UCL Psychology and Language Sciences


What do I need?

If you want to undertake a PhD degree in Experimental Psychology there are a few things that you need to think about.  Normally you need a minimum of an upper second-class UK Bachelor’s degree or a taught UK Master’s degree, or the overseas equivalent, in a relevant subject. Overseas applicants also need to satisfy the English language requirements.

We provide information about different pathways into the PhD programme below. Potential students should note that there are different dates associated with each pathway. Generally, however, the following dates are good rough guides:

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October of the year before.

By now you should be thinking of potential topics and be starting to contact potential supervisors, and making sure that you adhere to UCL’s admission requirements.


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December of the year before.

By now you should have a good draft of a research proposal to accompany your application(s), identified referees for your application, and gathered all the appropriate information needed for application. For specific information about the application process click here.

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January of the same year.

Interviews for the MPhil/PhD are generally held in January. These interviews are also used to identify candidates who can be put forward for competitive scholarships that are funded by UCL (such as Graduate Research Scholarships, Overseas Research Scholarships), and for any demonstratorships, funded by the School of Psychology and Language Sciences, that are available for the subsequent period.

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February-April of the same year.

Offers of admission are sent out, and candidates find out if they have been successful at obtaining funding.

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Late September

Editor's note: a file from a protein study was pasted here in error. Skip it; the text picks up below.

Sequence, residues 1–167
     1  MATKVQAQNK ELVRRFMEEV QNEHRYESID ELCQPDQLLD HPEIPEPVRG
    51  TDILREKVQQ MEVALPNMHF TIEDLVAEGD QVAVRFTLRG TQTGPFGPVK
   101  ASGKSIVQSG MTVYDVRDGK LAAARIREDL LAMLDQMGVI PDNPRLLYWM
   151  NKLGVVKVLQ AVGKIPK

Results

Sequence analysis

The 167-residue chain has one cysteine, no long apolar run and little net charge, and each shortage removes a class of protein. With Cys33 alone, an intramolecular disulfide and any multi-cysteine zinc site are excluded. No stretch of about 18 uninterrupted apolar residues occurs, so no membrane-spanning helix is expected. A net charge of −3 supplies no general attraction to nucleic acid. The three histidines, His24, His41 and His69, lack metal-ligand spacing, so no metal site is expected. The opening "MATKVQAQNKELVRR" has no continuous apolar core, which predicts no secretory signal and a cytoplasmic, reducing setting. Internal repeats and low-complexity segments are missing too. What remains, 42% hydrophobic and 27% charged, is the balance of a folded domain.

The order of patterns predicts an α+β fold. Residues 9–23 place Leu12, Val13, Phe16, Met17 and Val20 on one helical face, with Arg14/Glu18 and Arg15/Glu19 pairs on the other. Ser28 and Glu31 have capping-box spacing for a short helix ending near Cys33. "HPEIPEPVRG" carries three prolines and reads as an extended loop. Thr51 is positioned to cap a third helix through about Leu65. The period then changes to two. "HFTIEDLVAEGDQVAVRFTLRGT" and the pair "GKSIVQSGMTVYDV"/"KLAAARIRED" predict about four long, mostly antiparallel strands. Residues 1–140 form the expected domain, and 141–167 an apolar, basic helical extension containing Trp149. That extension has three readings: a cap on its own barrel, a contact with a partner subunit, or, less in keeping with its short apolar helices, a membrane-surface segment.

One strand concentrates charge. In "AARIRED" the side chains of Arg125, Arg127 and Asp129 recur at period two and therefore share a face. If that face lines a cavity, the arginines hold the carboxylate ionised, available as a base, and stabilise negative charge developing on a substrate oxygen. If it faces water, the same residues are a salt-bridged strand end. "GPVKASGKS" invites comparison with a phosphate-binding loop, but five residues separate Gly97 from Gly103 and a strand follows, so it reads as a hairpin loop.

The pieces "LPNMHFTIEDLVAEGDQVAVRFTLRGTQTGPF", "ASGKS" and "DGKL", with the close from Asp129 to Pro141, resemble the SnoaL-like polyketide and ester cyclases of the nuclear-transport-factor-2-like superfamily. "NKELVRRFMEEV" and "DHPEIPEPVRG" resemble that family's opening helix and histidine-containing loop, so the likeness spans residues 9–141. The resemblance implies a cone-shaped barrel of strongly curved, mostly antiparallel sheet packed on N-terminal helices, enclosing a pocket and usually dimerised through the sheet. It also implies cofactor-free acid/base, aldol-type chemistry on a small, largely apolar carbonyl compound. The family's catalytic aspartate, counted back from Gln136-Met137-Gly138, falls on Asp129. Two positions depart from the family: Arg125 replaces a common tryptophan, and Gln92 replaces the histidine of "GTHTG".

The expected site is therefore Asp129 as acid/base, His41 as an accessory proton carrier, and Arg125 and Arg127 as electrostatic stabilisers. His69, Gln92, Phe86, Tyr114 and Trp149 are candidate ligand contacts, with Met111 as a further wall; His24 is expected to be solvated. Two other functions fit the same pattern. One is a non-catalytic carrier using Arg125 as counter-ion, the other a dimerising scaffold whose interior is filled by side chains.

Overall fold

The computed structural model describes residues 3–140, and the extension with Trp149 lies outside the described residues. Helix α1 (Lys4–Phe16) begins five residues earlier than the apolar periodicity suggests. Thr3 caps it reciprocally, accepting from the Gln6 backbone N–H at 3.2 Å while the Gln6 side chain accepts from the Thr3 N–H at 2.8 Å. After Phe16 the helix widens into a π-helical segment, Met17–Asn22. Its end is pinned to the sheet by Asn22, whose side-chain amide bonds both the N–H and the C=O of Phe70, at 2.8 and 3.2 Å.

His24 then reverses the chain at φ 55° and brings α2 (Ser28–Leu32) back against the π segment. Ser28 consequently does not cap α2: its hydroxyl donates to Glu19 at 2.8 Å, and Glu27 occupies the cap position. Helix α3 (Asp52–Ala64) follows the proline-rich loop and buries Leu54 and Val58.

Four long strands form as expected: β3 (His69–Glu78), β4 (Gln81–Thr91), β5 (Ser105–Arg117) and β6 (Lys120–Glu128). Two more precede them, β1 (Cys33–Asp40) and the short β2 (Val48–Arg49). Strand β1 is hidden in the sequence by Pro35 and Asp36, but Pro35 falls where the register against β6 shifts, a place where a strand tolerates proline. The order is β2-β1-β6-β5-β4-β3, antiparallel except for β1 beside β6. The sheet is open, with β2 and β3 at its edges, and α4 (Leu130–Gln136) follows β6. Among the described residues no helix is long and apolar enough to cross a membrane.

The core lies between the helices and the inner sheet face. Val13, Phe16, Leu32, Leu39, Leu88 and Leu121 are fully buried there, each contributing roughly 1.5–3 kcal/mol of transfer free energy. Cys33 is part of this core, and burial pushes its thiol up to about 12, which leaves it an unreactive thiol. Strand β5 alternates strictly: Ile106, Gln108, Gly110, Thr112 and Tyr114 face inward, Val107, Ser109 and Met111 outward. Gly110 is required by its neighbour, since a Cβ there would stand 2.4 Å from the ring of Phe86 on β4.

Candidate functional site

Enrol in your MPhil/PhD programme in Experimental Psychology!

Routes to the PhD

There are 2 major pathways into a PhD in Experimental Psychology – directly and through a a so-called “1+3” option such as a doctoral training centre.

Direct route

1. Identifying a research area and supervisor.

  • Having made sure that you adhere to UCL admissions requirements you now need to identify a research area in which you would like to undertake a PhD, and identify a faculty member in the department that will be able to supervise your project. The most common method is to identify a rough idea of the research topic you are interested in and seek a supervisor that might also be interested. The student and supervisor then discuss the research topic in more detail, and develop a project that both can agree on. Note that one strength of UCL is that individual faculty can only supervise a small number of students: this allows for more personal supervision, but also means that the preferred supervisor may not be available to take on new students.
  • With a project and supervisor in hand, the student then formally applies to do a MPhil/PhD programme in Experimental Psychology. Once the application is passed on to Experimental Psychology by UCL admissions, a formal interview is arranged with the nominated supervisor and the Graduate Tutor. These interviews are generally held in mid- to late January. The Department then decides whether to recommend that UCL offer a place to the applicant, and forwards that decision to UCL admissions.

2. Identifying Funding Options

Applicants who receive offers of a placement on MPhil/PhD programmes at UCL, including Experimental Psychology, are not guaranteed funding. There are, however, many potential funding sources. We note some of them in what follows, but this is not an exhaustive list – please consult the UCL Doctoral School funding page for further information, and note that there may even be programmes beyond those noted there.